‘Monsters' creators come to korea
Rather than continuing their stories, however, “Monsters University” is a prequel, showing how Mike and Sully met - at Monsters University, of course. Just like the original (and all Pixar films), the animation in “Monsters University” is a feast for the eyes, while the story is full of laughs and a few tugs on the heartstrings. Who knew that life for a cute freshman monster would be so hard?
To promote the film, director Dan Scanlon and producer Kori Rae paid a visit to Seoul last week, explaining why it took so long to bring about a prequel.
“We always wait for a good idea,” said Rae, stating that the company wasn’t interested in churning out one sequel after another just because it could.
The heart of Pixar’s 14th release lay in getting the setting right: Monsters University.
“Because it’s been a while since we graduated from a university, we had to do thorough research,” said Scanlon.
Rae said they toured universities around the country, mostly on the East Coast, as well as some in California where Pixar is. “Story artists, production designers, director, producer, and key crew members all went on tour to get a look and feel for the sake of authenticity,” said Rae.
After grasping just how classrooms, buildings and messy dorm rooms look and feel, Scanlon said the ultimate challenge was the process called “monsterizing.”
“It’s something we did first. Making buildings and sets bigger and stronger to accommodate monsters of all shapes and sizes,” he said.
There were also many minor touches to complete the process, such as adding fans, horns and claws to doors, buildings and windows.
“If possible, we added faces to buildings to make it look scarier,” Scanlon said. “Even trees have scales, if you look closely.”
Then there were the students to create - jock monsters, nerd monsters, goth monsters and all the other student types.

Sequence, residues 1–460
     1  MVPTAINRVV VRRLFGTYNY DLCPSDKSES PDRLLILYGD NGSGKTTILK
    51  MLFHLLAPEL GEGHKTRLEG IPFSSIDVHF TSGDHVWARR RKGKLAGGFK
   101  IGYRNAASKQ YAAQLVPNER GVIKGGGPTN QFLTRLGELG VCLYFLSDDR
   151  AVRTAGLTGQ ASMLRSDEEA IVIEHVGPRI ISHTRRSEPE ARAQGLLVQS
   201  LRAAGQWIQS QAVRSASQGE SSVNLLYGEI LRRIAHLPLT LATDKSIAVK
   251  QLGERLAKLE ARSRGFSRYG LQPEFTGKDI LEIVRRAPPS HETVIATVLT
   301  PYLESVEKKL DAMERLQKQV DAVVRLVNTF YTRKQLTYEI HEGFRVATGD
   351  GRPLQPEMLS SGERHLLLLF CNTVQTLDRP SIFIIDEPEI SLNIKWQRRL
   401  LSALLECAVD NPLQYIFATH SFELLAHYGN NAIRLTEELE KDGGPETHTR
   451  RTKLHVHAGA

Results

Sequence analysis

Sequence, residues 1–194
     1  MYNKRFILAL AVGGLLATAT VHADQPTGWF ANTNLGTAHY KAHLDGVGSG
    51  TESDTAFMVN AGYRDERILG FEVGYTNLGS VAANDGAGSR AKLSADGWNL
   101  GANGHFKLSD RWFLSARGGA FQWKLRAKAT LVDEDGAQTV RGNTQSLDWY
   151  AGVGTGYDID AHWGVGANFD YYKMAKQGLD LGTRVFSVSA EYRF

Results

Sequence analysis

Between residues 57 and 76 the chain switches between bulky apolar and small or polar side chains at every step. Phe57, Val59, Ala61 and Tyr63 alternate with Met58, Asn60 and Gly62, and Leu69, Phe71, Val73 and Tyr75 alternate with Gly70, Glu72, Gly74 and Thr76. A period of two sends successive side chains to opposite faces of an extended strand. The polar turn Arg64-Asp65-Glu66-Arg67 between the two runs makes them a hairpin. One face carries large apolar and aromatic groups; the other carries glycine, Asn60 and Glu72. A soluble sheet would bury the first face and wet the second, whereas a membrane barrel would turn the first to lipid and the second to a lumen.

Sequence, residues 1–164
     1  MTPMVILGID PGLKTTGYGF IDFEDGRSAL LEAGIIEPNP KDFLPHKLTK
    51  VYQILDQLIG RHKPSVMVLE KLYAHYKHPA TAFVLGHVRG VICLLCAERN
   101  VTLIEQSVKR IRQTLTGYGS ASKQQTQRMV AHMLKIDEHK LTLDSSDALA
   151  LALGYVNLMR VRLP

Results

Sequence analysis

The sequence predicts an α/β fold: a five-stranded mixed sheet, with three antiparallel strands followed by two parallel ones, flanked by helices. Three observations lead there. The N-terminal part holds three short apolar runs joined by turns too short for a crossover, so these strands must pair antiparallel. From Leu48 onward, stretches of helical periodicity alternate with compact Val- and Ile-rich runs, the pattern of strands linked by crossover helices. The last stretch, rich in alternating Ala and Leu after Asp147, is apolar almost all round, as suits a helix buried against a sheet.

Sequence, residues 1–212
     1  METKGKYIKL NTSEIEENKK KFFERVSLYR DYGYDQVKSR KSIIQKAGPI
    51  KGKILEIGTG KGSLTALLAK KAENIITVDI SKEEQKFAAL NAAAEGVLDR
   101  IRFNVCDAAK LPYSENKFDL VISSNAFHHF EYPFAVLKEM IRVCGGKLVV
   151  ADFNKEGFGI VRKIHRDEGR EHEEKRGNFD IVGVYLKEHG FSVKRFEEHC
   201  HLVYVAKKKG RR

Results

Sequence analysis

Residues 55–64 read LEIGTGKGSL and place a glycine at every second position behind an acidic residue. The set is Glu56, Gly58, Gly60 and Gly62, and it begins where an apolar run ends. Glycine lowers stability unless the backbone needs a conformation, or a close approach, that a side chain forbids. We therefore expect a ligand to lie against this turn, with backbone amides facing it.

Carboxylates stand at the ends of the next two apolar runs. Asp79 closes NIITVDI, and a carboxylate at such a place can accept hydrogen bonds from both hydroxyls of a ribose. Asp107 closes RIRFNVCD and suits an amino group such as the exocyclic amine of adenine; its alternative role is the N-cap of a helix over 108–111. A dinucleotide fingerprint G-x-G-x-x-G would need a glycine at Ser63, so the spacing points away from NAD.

The end result: “We came up with over 300 background monsters,” boasted Scanlon.
The heros of “Monsters University” are a bit different from the first go-around, too.
“Mike is slimmer, brighter, eye a little bigger and wears a retainer,” explained Rae. “Sully is not as big, shoulders not so broad and not yet bulked up to be the superstar scarer.”
With the setting and characters complete, then came the fun part - storyboarding.
“We drew every frame of the movie, so we can place these sideboards side by side to see how it unfolds,” Scanlon said.
It was no quick job, as there were 227,000 storyboards created, the “most ever at Pixar,” according to Scanlon.
As the story progressed, it changed focus slightly from Sully to Mike.
“Initially, we tried to make it about Sully, but we realized that this story was Mike’s,” said Rae.
Although there was some pressure and doubts about how the prequel would stack up against the original, the duo said that they put their focus on telling a story.
“Prequels are tricky, trying to tell a story that is its own film is a challenge,” said Scanlon, while Rae added that that’s why they worked hard to dig deep, “to uncover stuff about the characters you never knew.”
Ahead of the Korea release yesterday, the film already broke the $700 million mark worldwide last month, becoming the fourth-biggest film this year and the fourth-biggest Pixar movie ever, following “Toy Story 3,” “Finding Nemo” and “Up.”
By CARLA SUNWOO [email@example.com]